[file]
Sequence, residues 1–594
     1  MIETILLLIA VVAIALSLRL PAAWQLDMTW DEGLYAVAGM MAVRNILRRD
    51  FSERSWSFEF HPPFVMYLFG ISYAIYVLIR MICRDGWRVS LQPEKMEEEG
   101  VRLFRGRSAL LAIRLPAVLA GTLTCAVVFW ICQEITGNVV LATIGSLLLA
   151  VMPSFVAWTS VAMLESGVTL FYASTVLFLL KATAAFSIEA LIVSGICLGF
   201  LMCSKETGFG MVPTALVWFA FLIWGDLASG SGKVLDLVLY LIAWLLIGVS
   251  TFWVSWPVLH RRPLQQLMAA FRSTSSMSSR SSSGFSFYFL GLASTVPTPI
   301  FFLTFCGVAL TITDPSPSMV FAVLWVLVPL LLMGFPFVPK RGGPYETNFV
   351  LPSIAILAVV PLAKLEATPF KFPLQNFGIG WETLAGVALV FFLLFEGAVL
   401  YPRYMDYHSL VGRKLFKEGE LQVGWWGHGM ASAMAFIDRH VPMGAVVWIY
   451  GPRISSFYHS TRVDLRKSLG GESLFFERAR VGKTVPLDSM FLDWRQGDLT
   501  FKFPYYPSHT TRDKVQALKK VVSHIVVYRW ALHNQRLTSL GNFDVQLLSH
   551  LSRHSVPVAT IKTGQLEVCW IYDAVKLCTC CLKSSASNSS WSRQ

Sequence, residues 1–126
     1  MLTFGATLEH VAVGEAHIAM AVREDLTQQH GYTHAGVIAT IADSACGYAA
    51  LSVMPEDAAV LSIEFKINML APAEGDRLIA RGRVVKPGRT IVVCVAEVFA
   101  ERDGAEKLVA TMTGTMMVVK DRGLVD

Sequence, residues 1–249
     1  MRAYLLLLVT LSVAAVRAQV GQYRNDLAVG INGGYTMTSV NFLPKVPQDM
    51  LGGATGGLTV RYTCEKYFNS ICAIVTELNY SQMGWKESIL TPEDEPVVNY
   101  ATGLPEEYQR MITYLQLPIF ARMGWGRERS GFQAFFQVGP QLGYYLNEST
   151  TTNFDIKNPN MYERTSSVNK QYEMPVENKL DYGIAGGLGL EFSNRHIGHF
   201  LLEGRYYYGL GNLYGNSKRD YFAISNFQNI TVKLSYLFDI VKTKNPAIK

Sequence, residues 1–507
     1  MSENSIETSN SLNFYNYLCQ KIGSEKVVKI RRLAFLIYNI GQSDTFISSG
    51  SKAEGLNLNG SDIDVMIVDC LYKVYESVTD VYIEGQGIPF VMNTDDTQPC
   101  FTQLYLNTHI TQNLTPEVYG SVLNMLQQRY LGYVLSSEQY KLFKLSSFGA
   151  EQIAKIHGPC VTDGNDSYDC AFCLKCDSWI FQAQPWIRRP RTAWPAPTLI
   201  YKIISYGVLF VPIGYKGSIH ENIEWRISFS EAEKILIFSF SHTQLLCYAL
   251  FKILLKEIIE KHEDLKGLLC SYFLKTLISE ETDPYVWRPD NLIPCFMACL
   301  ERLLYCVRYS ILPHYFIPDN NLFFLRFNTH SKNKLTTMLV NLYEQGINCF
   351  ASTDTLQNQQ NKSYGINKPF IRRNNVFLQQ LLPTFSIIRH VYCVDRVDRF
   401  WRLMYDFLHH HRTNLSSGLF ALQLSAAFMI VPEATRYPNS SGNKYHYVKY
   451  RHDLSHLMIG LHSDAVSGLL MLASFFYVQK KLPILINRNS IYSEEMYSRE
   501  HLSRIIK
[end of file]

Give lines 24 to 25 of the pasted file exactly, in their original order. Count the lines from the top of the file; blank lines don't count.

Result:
Sequence, residues 1–507
     1  MSENSIETSN SLNFYNYLCQ KIGSEKVVKI RRLAFLIYNI GQSDTFISSG